update COMMUNICASIA, SINGAPORE--The local infocomms and technology sector received a boost with the launch of several innovative e-services, as part of the government's goal to bridge social gaps and deliver services effectively.
Lui Tuck Yew, Singapore's acting minister for Information, Communications and the Arts, announced during his opening address at the imbX 2010 tradeshow here Tuesday, the launch of services and IT platforms such as the Singapore Internet Exchange (SGIX) and National Authentication Framework (NAF). Held annually, imbX is one of Asia's biggest ICT shows encompassing CommunicAsia, BroadcastAsia, EnterpriseIT and InteractiveDME.
The SGIX, for example, is a platform that will allow different telco service providers to share information between their consumer and business subscribers, said Lui. The two operational nodes of the platform is expected to exchange up to 50 percent of local Internet traffic between its members, he added.
Minister Lui Tuck Yew also revealed other ICT developments in the Republic.
Utilizing the nation's TradeXchange platform, four consortia involving 22 companies will integrate key operational and business processes in marine cargo insurance, freight management and trade financing. The minister stated that by end-2011, more than 100 companies in the trade and logistics sector and about 20 percent of the 4 million annual export shipments will stand to benefit from the TradeXchange platform.
In the mobile services ecosystem, IDA and six companies will jointly invest S$10 million (US$7.2 million) over the next two years in the Digital Concierge program. Efforts here will be aimed at developing a set of common mobile shared services and tools for all industry players to develop transactional, location-based and mobile commerce services, said Lui.
MediaCorp, StarHub and SingTel are the key partners in the launch of Singapore's first nationwide 3D TV trial, revealed the minister. The companies will be testing transmission signals and addressing technical challenges on various platforms including terrestrial TV, cable TV and Internet Protocol (IP) TV for one year, starting Tuesday, he added.
"I am encouraged to note that 15 companies, including major Internet providers such as SingTel, PacNet and Nucleus Connect, have signed on to SGIX," Lui said.
The minister further stated that the Infocomm Development Authority of Singapore (IDA), with collaboration with "key sectoral regulators", has established the NAF. First announced in 2005, the security framework seeks to provide strong authentication for online transactions between the government, private sector and citizens.
Lui said the IDA will set up a wholly-owned subsidiary to own the infrastructure and provide a secure and cost-effective common platform for online transactions.
He also revealed that the deployment of the nation's next-generation national broadband network (NBN) is "on track" to reach 60 percent of households by end-2010, with full nationwide coverage expected by mid-2012. The NBN is the "cornerstone" of the government's iN2015 masterplan, which was launched in 2006 to make ICT more accessible and pervasive to all Singaporeans, he added.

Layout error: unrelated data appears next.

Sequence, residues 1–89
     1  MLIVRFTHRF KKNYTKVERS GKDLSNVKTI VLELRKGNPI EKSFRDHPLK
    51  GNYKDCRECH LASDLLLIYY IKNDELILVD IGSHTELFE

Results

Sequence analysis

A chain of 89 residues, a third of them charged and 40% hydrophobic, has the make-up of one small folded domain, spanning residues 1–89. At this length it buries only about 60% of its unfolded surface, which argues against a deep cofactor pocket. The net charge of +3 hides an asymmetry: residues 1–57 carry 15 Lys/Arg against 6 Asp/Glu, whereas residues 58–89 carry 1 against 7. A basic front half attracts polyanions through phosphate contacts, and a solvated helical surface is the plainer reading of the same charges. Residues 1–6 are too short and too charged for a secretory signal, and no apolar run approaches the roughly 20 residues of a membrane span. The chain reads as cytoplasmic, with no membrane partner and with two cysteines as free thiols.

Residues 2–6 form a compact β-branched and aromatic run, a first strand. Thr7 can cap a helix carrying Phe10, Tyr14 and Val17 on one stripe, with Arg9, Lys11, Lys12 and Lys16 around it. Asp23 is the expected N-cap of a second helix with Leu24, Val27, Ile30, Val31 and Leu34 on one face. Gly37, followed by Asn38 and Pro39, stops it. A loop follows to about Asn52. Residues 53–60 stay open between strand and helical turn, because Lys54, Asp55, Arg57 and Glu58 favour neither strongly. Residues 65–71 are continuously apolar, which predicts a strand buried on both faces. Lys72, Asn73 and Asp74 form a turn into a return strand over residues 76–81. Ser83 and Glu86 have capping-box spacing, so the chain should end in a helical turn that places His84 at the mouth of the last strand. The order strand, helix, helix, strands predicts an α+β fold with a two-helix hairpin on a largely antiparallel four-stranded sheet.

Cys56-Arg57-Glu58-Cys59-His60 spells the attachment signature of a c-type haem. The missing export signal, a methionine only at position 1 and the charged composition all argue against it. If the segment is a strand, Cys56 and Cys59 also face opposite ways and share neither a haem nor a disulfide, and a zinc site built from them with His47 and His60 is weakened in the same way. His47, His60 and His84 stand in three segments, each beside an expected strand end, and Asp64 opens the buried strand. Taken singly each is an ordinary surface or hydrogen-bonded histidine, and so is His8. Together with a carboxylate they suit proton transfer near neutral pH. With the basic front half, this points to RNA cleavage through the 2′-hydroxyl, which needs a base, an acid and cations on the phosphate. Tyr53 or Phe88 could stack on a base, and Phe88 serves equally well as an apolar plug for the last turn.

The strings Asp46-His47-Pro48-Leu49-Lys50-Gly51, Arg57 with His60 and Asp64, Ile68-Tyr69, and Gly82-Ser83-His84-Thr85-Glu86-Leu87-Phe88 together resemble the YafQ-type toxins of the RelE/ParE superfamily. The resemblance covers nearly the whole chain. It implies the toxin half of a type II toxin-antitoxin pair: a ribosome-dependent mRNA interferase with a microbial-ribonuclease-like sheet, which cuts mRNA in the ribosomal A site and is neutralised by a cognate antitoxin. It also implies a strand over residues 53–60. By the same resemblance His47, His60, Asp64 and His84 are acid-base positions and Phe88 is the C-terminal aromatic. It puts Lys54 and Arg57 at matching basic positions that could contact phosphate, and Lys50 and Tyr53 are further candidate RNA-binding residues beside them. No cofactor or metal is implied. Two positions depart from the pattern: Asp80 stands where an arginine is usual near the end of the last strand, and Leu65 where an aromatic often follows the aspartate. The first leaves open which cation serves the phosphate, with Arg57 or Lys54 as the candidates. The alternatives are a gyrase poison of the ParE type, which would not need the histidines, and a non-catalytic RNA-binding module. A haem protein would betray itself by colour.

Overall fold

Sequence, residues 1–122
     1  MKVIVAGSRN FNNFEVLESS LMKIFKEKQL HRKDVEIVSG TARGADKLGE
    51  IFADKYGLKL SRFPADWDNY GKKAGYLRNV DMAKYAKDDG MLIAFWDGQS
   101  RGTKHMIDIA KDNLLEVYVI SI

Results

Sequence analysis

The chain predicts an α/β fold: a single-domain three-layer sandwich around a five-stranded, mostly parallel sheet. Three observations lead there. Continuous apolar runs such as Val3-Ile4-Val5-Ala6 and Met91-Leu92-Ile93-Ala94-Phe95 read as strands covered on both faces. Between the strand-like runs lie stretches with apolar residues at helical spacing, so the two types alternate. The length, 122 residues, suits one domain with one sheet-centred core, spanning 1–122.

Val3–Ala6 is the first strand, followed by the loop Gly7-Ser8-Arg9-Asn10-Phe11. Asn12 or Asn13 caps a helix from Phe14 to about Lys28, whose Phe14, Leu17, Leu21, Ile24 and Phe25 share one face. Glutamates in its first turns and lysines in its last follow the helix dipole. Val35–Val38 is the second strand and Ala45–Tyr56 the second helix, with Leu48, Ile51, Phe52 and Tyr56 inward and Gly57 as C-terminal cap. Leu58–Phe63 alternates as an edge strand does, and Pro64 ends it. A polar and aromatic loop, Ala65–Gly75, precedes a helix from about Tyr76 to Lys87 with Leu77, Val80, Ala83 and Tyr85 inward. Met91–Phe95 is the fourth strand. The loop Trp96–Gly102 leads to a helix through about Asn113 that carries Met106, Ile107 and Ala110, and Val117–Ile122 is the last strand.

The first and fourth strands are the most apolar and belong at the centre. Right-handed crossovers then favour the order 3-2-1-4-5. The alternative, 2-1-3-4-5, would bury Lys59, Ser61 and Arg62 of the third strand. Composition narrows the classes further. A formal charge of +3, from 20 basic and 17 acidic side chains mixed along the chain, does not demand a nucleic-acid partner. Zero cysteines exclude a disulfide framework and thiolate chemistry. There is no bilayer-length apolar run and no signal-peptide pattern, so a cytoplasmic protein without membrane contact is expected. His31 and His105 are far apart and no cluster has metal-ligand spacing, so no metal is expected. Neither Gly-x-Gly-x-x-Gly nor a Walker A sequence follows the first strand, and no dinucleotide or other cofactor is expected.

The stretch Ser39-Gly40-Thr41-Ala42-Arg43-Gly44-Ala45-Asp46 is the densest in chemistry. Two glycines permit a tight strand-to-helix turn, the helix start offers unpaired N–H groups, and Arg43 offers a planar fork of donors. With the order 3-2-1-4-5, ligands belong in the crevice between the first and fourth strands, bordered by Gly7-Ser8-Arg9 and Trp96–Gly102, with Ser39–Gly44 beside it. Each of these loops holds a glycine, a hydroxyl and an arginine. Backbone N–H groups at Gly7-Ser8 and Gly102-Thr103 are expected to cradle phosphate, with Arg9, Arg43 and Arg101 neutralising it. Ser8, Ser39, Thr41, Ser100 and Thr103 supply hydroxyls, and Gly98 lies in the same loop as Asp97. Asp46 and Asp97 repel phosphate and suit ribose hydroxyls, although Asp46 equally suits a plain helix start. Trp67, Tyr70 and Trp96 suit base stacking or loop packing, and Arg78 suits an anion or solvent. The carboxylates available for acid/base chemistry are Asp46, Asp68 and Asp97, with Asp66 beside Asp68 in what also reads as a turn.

The merits of the country's NBN were further scrutinized at a separate panel discussion held later at the tradeshow.
Noting that the high-speed NBN will "differentiate" Singapore, StarHub CEO Neil Montefiore said the local operator will be looking to bring its services to corporate businesses, a segment he regards as StarHub's "biggest opportunity".
Should Web access fee be determined by content?
Montefiore, who participated in the panel discussion, also predicted that the industry is headed toward pricing-based model for application access, where users will pay, for example, S$3 a month to access YouTube video clips for a month.
However, Skype CEO Josh Silverman, who was also a panelist, disagreed.
The head of the Internet telephony company argued that access providers should not be charging consumers based on content. Instead, telcos such as StarHub should charge for the Web access and let users choose the apps they would like to consume, he added.
Gene Reznik, Accenture's global managing director for Accenture's communications industry group, told ZDNet Asia at the sidelines after the panel that he concurs with Skype's Silverman on this point.
"I believe that telcos should make use of usage-based pricing to better recover their costs of setting up the broadband infrastructure," Reznik said. "A content-based Web access pricing scheme is quite difficult to implement."
He also noted that video, particularly high-definition (HD) video streaming, will soon be the dominant application as it benefits from faster, higher bandwidth networks.
"With more Web-enabled televisions coming, and different form factors supporting HD video, I think there will be an explosion in Internet growth," he said.
Reznik added that this move to video applications is "happening now", which is why telcos are freeing up their bandwidth usually reserved for phone calls to accommodate video streaming.